Good question this. There are mornings when you wake up, hungover, not exactly motivated and physically feel like today is a write-off before you even start. But the brain likes a challenge. I rely on what I call ‘Twisty Head’. It’s a condition I think the best creatives have. It’s the ability to look at something from a different viewpoint and to appeal to the consumer in a new way. In the early days, I felt the the pressure to always come up with something amazing. That pressure though is counter-productive. Just relax and, if you’re a good creative, it will come. It works for me.
What makes a good advertising writer?
The key to a good writer, for me, is the ability to identify with, and act like, your target market. If you can understand them, do your homework and experience their lives a little, you’ll get insights that will inspire you – triggers that your competitors won’t have and, therefore, you’ll come up with something original. I’m a big fan of good planners. I’ve worked with some excellent ones in my time and they can do lots of the legwork, inspire you and enable you to mine rich seams. The abilty to work quickly these days is incredibly important. Too important, if you ask me. You might get eight weeks on a brief in London, but not up here. Oh no. Every hour is precious. Time is money and there’s not a lot of money about. So if you’re quick, and good, you’ll do well.
What is the best work you have done?
Whichever had the biggest effect on consumers, sent them into a zombie trance and had them slathering and beating on plate glass shopfront windows. As I’m never party to this sort of information. I’d probably go for the Ronseal Filler TV ad or Holland’s Pies ‘High on Gravy’ Poster.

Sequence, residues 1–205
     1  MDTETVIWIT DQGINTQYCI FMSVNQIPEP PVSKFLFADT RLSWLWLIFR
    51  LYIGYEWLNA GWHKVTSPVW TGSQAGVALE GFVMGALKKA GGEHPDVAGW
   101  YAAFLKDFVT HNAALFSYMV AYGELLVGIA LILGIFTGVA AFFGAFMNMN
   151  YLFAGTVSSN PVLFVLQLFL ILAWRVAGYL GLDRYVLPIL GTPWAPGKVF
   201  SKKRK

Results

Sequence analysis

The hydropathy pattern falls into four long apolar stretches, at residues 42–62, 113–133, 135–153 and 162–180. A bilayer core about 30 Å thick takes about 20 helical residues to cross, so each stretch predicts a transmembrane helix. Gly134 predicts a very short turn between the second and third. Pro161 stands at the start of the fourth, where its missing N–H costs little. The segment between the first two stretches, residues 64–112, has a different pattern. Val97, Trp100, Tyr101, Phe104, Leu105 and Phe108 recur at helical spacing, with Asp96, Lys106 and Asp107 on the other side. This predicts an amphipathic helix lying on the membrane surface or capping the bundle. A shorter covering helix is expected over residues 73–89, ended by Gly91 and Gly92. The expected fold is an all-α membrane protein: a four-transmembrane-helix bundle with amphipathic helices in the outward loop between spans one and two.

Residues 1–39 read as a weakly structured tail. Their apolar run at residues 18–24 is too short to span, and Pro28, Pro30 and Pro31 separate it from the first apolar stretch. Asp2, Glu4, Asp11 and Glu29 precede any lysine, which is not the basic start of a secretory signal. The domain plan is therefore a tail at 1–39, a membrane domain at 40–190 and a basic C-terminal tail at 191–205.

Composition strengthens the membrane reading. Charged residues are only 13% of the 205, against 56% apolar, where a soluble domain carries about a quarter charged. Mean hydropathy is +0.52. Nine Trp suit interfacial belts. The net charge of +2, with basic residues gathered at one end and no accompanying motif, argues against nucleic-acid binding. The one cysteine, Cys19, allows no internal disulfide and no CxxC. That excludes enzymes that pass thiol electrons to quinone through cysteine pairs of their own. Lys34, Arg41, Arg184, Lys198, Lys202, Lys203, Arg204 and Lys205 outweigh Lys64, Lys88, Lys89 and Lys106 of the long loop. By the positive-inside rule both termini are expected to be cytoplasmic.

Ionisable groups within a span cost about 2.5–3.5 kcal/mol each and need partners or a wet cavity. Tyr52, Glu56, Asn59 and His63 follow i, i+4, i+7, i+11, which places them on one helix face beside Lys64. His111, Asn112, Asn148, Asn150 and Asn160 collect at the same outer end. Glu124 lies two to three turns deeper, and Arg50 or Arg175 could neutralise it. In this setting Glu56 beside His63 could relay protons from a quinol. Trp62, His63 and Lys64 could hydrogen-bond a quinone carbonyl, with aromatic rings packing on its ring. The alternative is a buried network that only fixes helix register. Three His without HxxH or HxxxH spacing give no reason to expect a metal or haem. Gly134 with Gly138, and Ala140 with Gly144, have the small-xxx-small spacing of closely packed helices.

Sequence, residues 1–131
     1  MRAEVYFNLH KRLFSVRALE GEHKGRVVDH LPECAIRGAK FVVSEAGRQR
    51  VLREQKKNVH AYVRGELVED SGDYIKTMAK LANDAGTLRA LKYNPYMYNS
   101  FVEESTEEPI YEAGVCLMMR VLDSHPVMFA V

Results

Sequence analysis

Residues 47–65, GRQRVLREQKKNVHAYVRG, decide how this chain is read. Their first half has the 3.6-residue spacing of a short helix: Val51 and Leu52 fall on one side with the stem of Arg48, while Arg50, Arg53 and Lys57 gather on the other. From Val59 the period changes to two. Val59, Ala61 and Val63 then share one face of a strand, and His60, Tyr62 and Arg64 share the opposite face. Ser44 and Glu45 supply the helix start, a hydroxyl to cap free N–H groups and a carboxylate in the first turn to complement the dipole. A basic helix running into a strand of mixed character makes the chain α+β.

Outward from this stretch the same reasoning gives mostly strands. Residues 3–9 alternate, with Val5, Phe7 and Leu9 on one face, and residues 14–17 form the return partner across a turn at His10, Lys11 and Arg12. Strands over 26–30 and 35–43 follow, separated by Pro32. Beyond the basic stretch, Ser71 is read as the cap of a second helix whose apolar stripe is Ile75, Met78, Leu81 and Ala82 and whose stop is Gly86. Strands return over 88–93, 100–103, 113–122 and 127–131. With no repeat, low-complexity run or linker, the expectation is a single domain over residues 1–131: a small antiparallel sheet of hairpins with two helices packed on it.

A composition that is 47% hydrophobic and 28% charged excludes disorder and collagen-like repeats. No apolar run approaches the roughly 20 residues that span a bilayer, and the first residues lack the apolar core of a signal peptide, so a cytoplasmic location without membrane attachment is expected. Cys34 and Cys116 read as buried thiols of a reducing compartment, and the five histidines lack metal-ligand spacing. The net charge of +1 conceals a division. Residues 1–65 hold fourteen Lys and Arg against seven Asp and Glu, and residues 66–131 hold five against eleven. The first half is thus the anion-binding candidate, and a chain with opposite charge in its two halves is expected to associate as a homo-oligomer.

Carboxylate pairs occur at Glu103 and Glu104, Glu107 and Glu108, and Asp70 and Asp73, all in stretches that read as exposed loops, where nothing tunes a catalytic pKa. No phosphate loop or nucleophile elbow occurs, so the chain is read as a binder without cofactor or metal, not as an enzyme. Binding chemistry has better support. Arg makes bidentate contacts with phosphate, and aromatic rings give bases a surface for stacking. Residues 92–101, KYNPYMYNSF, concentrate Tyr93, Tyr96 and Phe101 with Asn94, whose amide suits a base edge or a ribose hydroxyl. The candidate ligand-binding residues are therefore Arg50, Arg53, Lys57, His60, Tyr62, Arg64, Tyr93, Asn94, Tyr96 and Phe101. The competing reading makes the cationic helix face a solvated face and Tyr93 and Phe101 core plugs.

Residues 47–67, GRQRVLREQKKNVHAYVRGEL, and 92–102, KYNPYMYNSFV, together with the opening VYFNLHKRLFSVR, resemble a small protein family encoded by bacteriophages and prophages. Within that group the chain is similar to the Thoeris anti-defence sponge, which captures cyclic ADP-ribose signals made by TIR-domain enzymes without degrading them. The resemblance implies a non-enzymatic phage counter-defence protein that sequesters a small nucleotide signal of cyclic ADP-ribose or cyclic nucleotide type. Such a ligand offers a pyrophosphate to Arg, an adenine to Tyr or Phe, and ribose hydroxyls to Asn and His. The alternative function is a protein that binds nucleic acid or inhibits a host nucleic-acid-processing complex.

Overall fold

Which writer in your opinion is outstanding?
I don’t go in for that sort of fanboy behaviour, and I could ‘Trott’ out the usual names, I do, however, have a very soft spot for Phil Kerry. http://www.bedlamtv.com One of the driest and funniest guys I know. I actually have his Linked In recommendation of me on the back of my business cards. He gets more business than me from that. He wrote scripts for the Two Ronnies, don’t you know? Not the four candles one, though. He’s not that good.
Now that you write across so many media platforms, does this affect how you write for different channels?
Yes. You not only have to consider the channels and platforms, overlay that with each client’s individual brand personality and you basically become schizophrenic.
If there is one single line of advice you could give to young writers who fancy their chances at advertising writing what would it be?
Work for nothing to get experience – I did for 11 months. Be enthusiastic. Listen. Spell and punctuate correctly. Embrace all media. Proofread. Never burn your bridges. Don’t be cocky. Work hard. Explore all the possibilities from every angle. ‘Get’ digital. Do not make knob jokes, unless they’re purely verbal. Proofread again. Never be afraid to question. Write like the consumers you are targeting talk. Never accept a bum brief. Have a laugh. Oh, just one? Okay. Erm, don’t waffle.
Si can be found at www.simonand.com